At this week's 3% Conference, dedicated to supporting more female creative leadership in ad agencies, one keynote speaker brought an unusual perspective: he has been an agency creative as both a woman and now a man.
Chris Edwards described his transgender transition, while working at Boston agency Arnold 20 years ago while his father Ed Eskandarian was CEO. At the time, he applied all he had learned in the ad industry to re-brand himself and serve as an educator. He also had more than 20 surgical procedures, one every three months, for five years. He's currently seeking a publisher for the memoir he spent the last three years writing, called "Balls: It Takes Some to Get Some" (also the name of his keynote).
"Did my being a man help me be more successful in my career?" he asked. "Yes."
He attributed that partly to feeling more confident and happy after his transition; people even told him he looked taller.
"The creative department is a boys' club," he said. "It wasn't until I was in the club, inside looking out, that I realized how uncomfortable it could be for women."
He described one ghastly out-of-town business dinner after a pitch with seven men and a lone woman, at a restaurant the host said he chose for the Hooters-like waitresses; a visit to a strip club followed. From his new perspective inside the boys' club, Mr. Edwards said they didn't deliberately ostracize the sole woman and make her uncomfortable.
"It was unintentional," he said. "The takeaway is that for this dynamic to change, more women need to enter and stay in this industry. If there had been an equal ratio [of men to women], that conversation and strip club never would have happened."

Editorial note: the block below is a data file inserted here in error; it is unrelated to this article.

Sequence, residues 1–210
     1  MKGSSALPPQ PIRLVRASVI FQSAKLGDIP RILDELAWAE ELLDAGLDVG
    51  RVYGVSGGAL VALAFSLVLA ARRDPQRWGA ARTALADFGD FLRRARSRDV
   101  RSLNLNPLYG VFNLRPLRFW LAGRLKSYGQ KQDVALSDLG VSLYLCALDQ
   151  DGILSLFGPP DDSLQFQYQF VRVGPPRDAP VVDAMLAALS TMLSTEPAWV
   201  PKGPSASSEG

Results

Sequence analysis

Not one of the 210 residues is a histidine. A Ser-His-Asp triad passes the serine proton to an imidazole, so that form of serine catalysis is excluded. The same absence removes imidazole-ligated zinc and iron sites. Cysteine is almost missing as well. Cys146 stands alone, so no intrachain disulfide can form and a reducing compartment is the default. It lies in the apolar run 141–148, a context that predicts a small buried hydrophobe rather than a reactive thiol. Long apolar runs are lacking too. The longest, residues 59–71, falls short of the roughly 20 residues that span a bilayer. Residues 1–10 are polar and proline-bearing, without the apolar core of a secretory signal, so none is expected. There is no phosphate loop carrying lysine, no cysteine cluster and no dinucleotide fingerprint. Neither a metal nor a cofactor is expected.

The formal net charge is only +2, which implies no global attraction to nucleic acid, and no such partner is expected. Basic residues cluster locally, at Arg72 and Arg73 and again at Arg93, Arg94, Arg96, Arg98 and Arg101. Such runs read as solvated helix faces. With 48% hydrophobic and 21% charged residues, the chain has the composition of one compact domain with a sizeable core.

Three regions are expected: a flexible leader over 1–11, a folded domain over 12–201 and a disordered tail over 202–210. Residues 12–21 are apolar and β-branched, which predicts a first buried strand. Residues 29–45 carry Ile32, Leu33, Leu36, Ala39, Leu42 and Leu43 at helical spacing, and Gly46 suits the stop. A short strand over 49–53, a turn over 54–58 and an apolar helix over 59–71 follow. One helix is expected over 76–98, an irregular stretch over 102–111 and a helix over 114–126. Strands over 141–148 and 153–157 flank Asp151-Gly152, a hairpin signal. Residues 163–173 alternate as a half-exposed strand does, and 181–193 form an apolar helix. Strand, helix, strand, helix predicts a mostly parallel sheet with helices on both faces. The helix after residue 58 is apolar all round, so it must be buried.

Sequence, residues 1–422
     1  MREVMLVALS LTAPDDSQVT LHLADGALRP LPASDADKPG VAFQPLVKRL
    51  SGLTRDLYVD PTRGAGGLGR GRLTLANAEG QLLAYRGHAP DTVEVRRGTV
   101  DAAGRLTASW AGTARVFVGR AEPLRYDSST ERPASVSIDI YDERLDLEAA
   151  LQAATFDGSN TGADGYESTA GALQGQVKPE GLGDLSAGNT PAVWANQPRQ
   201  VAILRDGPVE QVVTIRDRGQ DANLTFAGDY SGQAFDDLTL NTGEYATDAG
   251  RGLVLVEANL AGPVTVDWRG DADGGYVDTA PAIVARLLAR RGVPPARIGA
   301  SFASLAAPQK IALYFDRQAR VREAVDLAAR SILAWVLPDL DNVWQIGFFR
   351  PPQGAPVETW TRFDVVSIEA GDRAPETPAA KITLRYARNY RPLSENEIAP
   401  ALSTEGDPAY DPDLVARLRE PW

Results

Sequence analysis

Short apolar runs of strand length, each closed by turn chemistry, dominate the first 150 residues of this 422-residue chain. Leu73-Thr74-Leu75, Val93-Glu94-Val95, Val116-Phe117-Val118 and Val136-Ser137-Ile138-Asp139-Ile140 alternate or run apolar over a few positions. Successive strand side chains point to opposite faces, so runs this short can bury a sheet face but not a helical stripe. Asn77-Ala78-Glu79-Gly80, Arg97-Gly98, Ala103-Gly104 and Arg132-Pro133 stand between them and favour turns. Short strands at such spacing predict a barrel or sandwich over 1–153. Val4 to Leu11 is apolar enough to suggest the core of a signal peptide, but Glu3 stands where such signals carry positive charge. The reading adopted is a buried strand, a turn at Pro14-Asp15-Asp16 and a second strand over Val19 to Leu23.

He also shared a secret for getting plum assignments, raises and promotions: Ask. He said he never felt empowered to do that as a woman, but that if a guy wants a job or a promotion, he just asks for it. "You don't get everything, but at least I knew I wasn't holding myself back."
Mr. Edwards' polished, witty delivery of an emotional, painful story told with humor underlined his key takeaway for the enthralled audience: "Be a great presenter!"
"I managed more than 50 creative teams, and women consistently let men take the lead when it came to presenting their work," he said. "It's not just about creating the work, it's about selling the work."
In another session, SapientNitro announced the launch of Returnships, a program to offer women returning to the workforce a fast track back into agencies, and its website invisible.careers. The idea is to identify skills agencies are looking for and provide re-training in those skills followed by an agency internship of one to three months.
"We think this will be the secret sauce to help people get back in the market," said Helene Cote, program director for the 3% Returnships program. Ms. Cote appealed to audience members to consider being a candidate, a host agency or funding a sponsorship.
At a CMO Roundtable moderated by Lisa Cochrane, Allstate Corporation's former senior VP-marketing, Gail Tifford, Unilever's VP-media and digital engagement for North America, appealed to creatives in the audience to help her come up with a better name for the Unilever group she co-chairs, Womens' Interactive Network (WIN).
Allie Kline, CMO of AOL, described what she's looking for from creatives: "The consumer has taken control at a rate that's never happened before ... One of the most valuable things a creative can do is show brands how they can get ahead of consumers."
"This is a journey," said Suzy Deering, CMO of eBay North America. "The best way to make a difference is to show you can lift up women in your organization."
In another session, with recruiters as panelists, the women acknowledged that it takes more than just selecting a diverse pool of applicants—sometimes unconscious bias and actions can undermine the hiring process. Jenny Tieman, associate director, creative recruitment at R/GA, said she has seen cases where creatives, without even realizing it, tend to favor candidates who have a background similar to theirs.
The annual 3% Conference, started by 3% founder Kat Gordon and held for the first time in New York, drew about 800 attendees.
Contributing: Natasha Madov